I have an interview with this commodity brokerage firm that focuses on OTC markets and especially crude oils. I have a few questions. 1) What’s the difference between a commodity broker at a brokerage firm and a commodity trader at, say, an investment bank commodity trading desk? 2) Is starting out career at a commodity brokerage firm good? What are some of the possible exit opportunities? Is it also going to be automated just like traders? 3) What do you guys think about the learning curve? 4) How much would you expect to earn in the first year as a junior broker? Thanks.
Traders at banks or other institutions are principal dealers, meaning they use their firms’ capital to take positions and risk. Brokers do not take positions themselves; they only communicate markets between different dealers. You should search the internet if you want more explanation on principal vs agent functions.
I don’t know what you mean by “good”. If you’re unemployed, and job is good. To answer your other questions though, there are virtually no direct exit opportunities from interdealer brokering. If you want to compare this field with other finance jobs, you’d better hope to make a lot of money soon (which some people do, or did). There is a very high risk of automation as well, even more than in trading functions in banks. Furthermore, commodities trading is struggling at most banks, and this will create headwinds for brokers who serve those businesses.
There is almost no “learning curve” in an academic sense. In fact, 90% of brokers have no idea what their products accomplish or why banks are trading those products. While banks recruit from Ivy League schools, brokerages tend to pick random people based on personality more than anything. However, there is a very high barrier to success in what I call the “relationship curve”. Brokering is a customer management business. You succeed by cultivating “friendship” and trust with clients.
You’re going to start as a clerk probably. I’d say you’ll make less than $100k, but you should ask the people at the company.
In today’s world, unless you are a prop trader or a proprietary trader - those who trade company’s own capital mostly at full discretion within its own asset class or strategy - which is very small in numbers after the financial crisis…you will be a sell side trader or basically a salesman…but these traders never call themselves salesman or sell side trader, they call themselves the Trader! haha
Their desk within the bank is called sales desk…Here is what happens:
I work at XYZ Capital…An analyst proposes we buy some shares of Amazon. I am the PM and says okay after reviewing his/her reports and going over our risk/allocation etc.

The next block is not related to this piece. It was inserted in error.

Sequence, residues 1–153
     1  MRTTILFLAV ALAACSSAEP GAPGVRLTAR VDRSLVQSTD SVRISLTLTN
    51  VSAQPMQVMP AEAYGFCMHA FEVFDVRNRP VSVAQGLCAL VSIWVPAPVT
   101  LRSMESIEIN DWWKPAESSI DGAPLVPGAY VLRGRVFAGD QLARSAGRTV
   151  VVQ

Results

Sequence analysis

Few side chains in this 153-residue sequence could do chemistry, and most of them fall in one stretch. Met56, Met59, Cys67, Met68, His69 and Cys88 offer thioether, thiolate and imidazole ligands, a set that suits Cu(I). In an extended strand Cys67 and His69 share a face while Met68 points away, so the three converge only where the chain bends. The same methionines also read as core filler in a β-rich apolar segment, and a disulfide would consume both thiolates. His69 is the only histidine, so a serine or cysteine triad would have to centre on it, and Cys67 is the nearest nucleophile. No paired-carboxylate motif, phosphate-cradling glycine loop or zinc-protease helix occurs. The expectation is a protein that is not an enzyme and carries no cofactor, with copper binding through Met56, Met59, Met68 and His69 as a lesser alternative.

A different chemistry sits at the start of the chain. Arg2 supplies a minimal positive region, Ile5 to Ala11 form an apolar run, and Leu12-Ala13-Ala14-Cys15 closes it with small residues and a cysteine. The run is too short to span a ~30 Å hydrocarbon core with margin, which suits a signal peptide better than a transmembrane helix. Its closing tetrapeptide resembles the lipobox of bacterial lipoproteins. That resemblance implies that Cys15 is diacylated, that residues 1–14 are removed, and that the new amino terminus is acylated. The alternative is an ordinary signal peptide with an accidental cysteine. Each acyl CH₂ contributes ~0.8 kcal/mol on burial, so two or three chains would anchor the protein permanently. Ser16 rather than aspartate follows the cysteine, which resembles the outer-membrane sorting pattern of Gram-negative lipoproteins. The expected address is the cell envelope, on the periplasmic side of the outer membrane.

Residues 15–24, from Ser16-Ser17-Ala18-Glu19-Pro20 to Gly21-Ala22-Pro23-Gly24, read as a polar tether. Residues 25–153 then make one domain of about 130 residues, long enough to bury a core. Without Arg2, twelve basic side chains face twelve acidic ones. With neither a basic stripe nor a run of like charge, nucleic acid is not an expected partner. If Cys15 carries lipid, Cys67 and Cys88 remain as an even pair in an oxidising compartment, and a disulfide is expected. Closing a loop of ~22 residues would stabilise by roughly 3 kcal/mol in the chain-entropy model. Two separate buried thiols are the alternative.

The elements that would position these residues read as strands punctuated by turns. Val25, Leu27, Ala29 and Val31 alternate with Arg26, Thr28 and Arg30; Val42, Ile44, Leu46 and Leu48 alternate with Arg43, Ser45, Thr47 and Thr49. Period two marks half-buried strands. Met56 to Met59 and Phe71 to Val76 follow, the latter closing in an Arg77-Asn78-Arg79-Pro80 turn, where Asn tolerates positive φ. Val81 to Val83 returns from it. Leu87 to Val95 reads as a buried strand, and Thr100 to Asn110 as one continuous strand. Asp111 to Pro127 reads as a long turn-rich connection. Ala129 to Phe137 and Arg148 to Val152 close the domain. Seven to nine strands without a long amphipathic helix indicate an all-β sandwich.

I tell our trader - Buy Side Trader - that hey buy X shares of Amazon at the best price you can…
Our trader then orders directly through his BBG terminal OR will call Sell Side traders at say Guggenheim, JP, or Citi to look for best price…The trader will buy at the best price but usually calls his/her friends first…
The sell side trader answers the call or IM from the buy side and quotes him a price…Done at Y dollars a share.
Both the buy side and sell side then fill out a little trade blotter or their assistants will - share price and number of shares - for the back office to book into their system.
In my honest opinion, trader job is a dead end job unless you are programming stuff or have full discretion over your books…BUT traders at these IB brokerage firms do not have such discretion…They do however have inner network of fellow sell side and buy side traders…but in the world of automation (look at the link)…
These traders are really no different than real estate brokers…hence these traders work at a brokerage firm…These traders broker the deal between the buyer of stocks/bonds with the seller of stocks/bonds…They don’t “trade” as you hear over and over again in the media…The media is 10 years behind saying “the Dow is down 200bps today…the traders are saying the tariff…and putting more pressure on the downward trend”…The traders are putting in the trades but they are following orders from either a senior analyst or PM or CIO from the buyside.
I think your view on this is quite narrow, just like my view would be narrow if I said buy side analysts just waste peoples’ money in fees and lose to the market 80% of the time.
as a buy side analyst I actually agree with your argument/comment above - on both fronts.
My reply to OP was not - although it may have come off as otherwise - to negate or contradict your reply…My reply about Traders is merely from what I see as an analyst which is hugely biased by my own views and those above me in my career path - PM and CIO.
But the latter part of my post that traders are becoming a dead end jobs in finance, I hold my ground.